The greeting Robert Berg received when he came home from the Land of Lincoln Honor Flight to Washington, D.C., is one that Berg did not have when he returned home from the war.
He was 18 when he was drafted, and headed to Great Lakes in October 1943. He first reported to the Army, but then began running the stairs as he was shuffled to the Navy and Marines as well. He eventually wound up with the Marines.
After boot camp in San Diego, he was transferred to Camp Elliott before boarding a troop ship to Seattle. He passed under the Golden Gate Bridge twice during his military service while on board a ship. His first stop was New Caledonia near Australia before heading to Guadalcanal, which was home base for a while. He was part of the rear echelon, meaning his group’s job was to be the last to leave an area by packing up supplies and equipment. He spent time in Guam as well.
At one point while traveling in the middle of the Pacific Ocean on the way to Guam, the side of Berg’s face was swollen due to an abscessed tooth. A destroyer pulled up alongside the ship he was on and sent a “bag” over for him on line between the two vessels. It was an experience he has not forgotten.
“I know what a fish feels like,” he said as he explained that the waves between the ships dunked him in and out of the water.
After fixing the problem, two days later he got back into the bag again to rejoin his comrades.
Of course, he had an experience of being initiated after crossing the equator, too. No one on his ship had been initiated, so the skipper had to go first, Berg said. After blindfolding the men and walking them up steps, “King Neptune” asks them questions, and flips them over into what seems to them that they have fallen into the ocean. In reality, they fall into a well in the deck that men stretched canvas over to hold some water. They ask if the men are a shellback or a pollywog. If they answer incorrectly, they are dunked in the water. Next, they scoot down a slide with grease on it. They then crawl through a tunnel with water in it to get the grease off them. They are then put into wooden equipment like stocks where their heads and arms are locked and cutting a lock of hair concludes the ceremony, Berg said.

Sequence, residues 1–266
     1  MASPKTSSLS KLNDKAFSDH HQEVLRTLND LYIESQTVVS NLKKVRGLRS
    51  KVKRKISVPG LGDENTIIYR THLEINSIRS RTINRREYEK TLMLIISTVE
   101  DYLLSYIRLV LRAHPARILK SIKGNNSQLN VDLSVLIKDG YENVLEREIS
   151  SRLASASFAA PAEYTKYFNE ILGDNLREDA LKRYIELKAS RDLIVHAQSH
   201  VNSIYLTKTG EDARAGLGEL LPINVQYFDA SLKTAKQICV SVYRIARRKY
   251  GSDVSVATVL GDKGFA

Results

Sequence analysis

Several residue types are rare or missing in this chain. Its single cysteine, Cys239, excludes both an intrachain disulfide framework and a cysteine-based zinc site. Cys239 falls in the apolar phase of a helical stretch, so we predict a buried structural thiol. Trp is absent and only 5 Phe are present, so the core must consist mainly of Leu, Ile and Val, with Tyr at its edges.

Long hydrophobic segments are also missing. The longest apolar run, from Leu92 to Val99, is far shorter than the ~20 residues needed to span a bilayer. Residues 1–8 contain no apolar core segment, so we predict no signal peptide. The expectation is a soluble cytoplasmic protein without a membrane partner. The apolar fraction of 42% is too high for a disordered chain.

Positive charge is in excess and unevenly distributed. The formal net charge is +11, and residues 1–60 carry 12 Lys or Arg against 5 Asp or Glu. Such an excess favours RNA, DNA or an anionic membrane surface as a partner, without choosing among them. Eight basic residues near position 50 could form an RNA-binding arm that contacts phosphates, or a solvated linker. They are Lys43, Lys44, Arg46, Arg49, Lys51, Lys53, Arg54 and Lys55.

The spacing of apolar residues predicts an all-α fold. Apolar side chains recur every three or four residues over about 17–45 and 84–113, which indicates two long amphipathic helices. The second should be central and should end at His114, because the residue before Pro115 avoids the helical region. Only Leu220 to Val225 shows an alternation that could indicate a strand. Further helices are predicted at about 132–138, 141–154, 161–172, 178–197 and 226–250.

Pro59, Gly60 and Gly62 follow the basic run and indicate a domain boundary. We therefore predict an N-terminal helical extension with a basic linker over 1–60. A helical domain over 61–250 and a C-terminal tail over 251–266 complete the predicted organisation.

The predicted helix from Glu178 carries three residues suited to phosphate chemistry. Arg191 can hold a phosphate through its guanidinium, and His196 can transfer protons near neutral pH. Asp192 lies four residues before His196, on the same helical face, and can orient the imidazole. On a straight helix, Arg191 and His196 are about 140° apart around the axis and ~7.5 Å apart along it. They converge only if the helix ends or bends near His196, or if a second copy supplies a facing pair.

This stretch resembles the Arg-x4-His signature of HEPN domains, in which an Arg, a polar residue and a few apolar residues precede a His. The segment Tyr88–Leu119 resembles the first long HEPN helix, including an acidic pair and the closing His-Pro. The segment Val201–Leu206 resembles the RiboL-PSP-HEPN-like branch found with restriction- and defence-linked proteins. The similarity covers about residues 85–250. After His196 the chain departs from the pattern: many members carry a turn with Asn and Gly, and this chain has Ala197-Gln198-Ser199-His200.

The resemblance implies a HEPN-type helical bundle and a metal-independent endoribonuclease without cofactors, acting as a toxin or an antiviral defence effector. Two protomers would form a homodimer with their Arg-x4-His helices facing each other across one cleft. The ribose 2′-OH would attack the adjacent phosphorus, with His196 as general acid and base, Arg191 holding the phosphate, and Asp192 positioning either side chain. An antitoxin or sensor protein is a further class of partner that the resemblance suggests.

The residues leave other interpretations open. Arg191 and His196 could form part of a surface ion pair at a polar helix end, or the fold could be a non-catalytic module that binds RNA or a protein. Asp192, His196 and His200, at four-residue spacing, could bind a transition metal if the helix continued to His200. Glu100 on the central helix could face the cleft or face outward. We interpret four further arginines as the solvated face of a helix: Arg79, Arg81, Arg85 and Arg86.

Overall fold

He also spent time in Okinawa on an LST and witnessed Japanese kamikazes blow up a flight deck on a ship. He also knows what it is like to be in a typhoon not far from Okinawa while heading home. The waves were so high water was getting into the smoke stacks on the boat.
Page 2 of 2 - Completing his service, he was discharged in February 1946. After returning to the Great Lakes, he took the Santa Fe train home to Chillicothe where his parents picked him up.